: Welles spent around nine months c. 1947-8 co-writing the screenplay for this along with Ben Hecht
    Ben Hecht
    Ben Hecht was an American screenwriter, director, producer, playwright, and novelist. Called "the Shakespeare of Hollywood", he received screen credits, alone or in collaboration, for the stories or screenplays of some 70 films and as a prolific storyteller, authored 35 books and created some of...

    , a project Welles was assigned to direct for Alexander Korda
    Alexander Korda
    Sir Alexander Korda was a Hungarian-born British producer and film director. He was a leading figure in the British film industry, the founder of London Films and the owner of British Lion Films, a film distributing company.-Life and career:The elder brother of filmmakers Zoltán Korda and Vincent...

    . He began scouting for locations in Europe whilst filming
    Black Magic
    Black Magic (1949 film)
    Black Magic is a 1949 film adaptation of Alexandre Dumas, père's novel. It was directed by the Russian-born Gregory Ratoff and stars Orson Welles in the lead role as Joseph Balsamo and Nancy Guild as Lorenza/Marie Antoinette...

    , but Korda was short of money, so sold the rights to Columbia pictures, who eventually dismissed Welles from the project, and then sold the rights on to United Artists
    United Artists
    United Artists Corporation is an American film studio. The original studio of that name was founded in 1919 by D. W. Griffith, Charles Chaplin, Mary Pickford and Douglas Fairbanks....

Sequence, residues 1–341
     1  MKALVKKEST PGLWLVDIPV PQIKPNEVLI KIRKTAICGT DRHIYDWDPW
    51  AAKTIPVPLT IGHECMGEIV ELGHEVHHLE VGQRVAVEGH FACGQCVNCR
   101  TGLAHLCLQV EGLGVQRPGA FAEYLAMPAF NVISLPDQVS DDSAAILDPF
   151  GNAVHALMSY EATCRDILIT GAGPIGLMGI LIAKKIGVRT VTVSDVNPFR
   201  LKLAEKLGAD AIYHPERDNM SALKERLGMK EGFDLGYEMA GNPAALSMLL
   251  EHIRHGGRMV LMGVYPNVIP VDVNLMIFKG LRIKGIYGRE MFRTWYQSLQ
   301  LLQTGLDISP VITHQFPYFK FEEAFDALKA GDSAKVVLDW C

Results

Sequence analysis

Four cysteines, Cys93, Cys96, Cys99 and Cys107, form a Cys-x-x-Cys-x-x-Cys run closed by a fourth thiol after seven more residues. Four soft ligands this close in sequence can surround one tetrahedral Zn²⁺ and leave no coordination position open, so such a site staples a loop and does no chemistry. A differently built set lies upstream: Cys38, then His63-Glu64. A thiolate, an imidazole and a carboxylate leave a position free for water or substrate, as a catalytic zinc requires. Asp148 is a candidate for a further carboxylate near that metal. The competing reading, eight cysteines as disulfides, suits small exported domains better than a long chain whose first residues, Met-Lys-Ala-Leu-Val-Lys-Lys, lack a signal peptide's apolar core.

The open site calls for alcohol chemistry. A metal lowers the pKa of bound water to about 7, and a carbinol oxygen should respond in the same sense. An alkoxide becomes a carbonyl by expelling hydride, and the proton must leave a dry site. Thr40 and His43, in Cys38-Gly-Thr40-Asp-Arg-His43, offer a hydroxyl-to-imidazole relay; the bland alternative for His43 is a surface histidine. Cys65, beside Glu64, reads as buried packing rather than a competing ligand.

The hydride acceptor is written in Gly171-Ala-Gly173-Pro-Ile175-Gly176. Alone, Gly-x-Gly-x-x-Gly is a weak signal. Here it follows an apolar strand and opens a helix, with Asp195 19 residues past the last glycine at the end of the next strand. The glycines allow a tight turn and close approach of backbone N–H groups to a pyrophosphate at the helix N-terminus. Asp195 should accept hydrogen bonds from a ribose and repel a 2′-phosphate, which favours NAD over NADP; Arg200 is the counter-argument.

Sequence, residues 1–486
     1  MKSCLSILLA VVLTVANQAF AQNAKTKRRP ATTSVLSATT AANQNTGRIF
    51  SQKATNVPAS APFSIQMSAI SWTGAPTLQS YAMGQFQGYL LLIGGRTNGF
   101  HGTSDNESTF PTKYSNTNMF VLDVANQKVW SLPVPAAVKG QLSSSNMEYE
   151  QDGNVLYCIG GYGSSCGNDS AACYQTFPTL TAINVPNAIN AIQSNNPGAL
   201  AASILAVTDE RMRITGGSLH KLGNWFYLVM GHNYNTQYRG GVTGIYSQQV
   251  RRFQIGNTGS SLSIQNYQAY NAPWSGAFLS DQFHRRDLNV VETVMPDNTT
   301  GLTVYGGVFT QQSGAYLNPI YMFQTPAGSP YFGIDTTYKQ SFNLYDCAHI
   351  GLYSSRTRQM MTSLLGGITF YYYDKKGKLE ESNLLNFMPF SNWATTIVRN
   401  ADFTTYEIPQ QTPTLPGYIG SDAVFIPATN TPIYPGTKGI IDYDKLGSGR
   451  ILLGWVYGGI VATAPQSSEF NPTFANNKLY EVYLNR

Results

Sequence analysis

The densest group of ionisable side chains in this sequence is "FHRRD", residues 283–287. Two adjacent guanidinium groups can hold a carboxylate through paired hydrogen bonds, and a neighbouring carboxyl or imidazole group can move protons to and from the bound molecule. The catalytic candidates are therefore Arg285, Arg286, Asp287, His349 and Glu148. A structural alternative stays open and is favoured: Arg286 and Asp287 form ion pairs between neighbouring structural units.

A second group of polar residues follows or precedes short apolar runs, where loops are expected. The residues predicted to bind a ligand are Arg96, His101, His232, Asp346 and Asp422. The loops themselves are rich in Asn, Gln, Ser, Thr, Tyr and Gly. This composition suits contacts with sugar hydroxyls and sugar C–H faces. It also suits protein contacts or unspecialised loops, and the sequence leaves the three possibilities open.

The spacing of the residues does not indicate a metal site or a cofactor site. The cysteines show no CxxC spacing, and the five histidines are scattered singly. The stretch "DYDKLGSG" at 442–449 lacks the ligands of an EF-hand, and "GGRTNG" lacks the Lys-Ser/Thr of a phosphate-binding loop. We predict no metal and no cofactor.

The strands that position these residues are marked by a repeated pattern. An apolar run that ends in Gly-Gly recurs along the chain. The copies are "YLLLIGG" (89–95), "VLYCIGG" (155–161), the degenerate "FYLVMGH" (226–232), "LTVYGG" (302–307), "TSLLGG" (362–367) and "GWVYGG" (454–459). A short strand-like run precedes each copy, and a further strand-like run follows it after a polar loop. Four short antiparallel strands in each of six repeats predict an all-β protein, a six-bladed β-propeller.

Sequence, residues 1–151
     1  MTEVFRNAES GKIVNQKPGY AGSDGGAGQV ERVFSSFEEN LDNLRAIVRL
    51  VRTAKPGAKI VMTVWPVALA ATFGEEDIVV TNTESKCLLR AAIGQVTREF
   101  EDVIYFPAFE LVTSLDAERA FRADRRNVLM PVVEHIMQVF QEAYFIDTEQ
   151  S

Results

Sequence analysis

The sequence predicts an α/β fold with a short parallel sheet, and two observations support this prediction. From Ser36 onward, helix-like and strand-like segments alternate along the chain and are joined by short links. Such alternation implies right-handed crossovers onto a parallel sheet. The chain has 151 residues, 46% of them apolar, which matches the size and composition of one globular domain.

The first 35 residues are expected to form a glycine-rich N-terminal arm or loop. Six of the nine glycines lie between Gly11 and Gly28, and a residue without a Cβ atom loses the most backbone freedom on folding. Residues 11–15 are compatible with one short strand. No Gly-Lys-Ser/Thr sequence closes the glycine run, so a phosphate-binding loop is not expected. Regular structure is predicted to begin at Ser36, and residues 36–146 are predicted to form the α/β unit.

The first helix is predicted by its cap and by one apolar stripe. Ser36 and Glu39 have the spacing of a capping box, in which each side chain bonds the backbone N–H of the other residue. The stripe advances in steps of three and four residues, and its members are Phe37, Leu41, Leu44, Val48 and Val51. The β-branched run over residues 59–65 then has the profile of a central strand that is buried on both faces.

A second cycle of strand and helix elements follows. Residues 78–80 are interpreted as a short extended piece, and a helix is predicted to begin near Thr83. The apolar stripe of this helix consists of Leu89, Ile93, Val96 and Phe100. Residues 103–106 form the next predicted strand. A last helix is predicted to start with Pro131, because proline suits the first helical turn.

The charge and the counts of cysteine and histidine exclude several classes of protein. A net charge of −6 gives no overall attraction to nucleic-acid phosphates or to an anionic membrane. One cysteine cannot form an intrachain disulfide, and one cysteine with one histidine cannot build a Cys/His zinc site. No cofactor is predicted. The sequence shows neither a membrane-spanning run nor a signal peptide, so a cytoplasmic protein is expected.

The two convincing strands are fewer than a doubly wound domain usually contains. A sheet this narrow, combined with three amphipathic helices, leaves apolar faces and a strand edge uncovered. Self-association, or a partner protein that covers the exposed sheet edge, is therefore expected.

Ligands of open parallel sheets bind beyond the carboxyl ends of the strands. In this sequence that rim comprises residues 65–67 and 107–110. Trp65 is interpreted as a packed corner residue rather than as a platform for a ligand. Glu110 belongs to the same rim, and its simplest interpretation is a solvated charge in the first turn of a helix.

, who in turn made a film version in 1950
    Cyrano de Bergerac (1950 film)
    Cyrano de Bergerac is a 1950 black-and-white feature film based on the 1897 French Alexandrine verse drama Cyrano de Bergerac by Edmond Rostand. It uses poet Brian Hooker's 1923 English blank verse translation as the basis for its screenplay...

    , which was not based on Welles's script.
  • Around the World in Eighty Days
    Around the World in Eighty Days
    Around the World in Eighty Days is a classic adventure novel by the French writer Jules Verne, first published in 1873. In the story, Phileas Fogg of London and his newly employed French valet Passepartout attempt to circumnavigate the world in 80 days on a £20,000 wager set by his friends at the...

    : After Welles's elaborate musical stageshow of this Jules Verne
    Jules Verne
    Jules Gabriel Verne was a French author who pioneered the science fiction genre. He is best known for his novels Twenty Thousand Leagues Under the Sea , A Journey to the Center of the Earth , and Around the World in Eighty Days...

     novel, encompassing 38 different sets, he began shooting some test footage in Morocco for a film version in 1947. The footage was never edited, funding never came through, and Welles abandoned the project. Nine years later, the stage show's producer Mike Todd
    Mike Todd
    Michael Todd was an American theatre and film producer, best known for his 1956 production of Around the World in Eighty Days, which won an Academy Award for Best Picture...

     made his own award-winning film version of the book.
  • Moby Dick Rehearsed
    Moby Dick Rehearsed
    Moby Dick Rehearsed is the title of a play written and directed by Orson Welles. It was performed in London in 1955. A lost film of the play, directed by Welles, starred the original stage cast....

    : a film version of Welles's 1955 London meta-play, starring Gordon Jackson
    Gordon Jackson (actor)
    Gordon Cameron Jackson, OBE was a Scottish Emmy Award-winning actor best remembered for his roles as the butler Angus Hudson in Upstairs, Downstairs and George Cowley, the head of CI5, in The Professionals....

    , Christopher Lee
    Christopher Lee
    Sir Christopher Frank Carandini Lee, CBE, CStJ is an English actor and musician. Lee initially portrayed villains and became famous for his role as Count Dracula in a string of Hammer Horror films...

    , Patrick McGoohan
    Patrick McGoohan
    Patrick Joseph McGoohan was an American-born actor, raised in Ireland and England, with an extensive stage and film career, most notably in the 1960s television series Danger Man , and The Prisoner, which he co-created...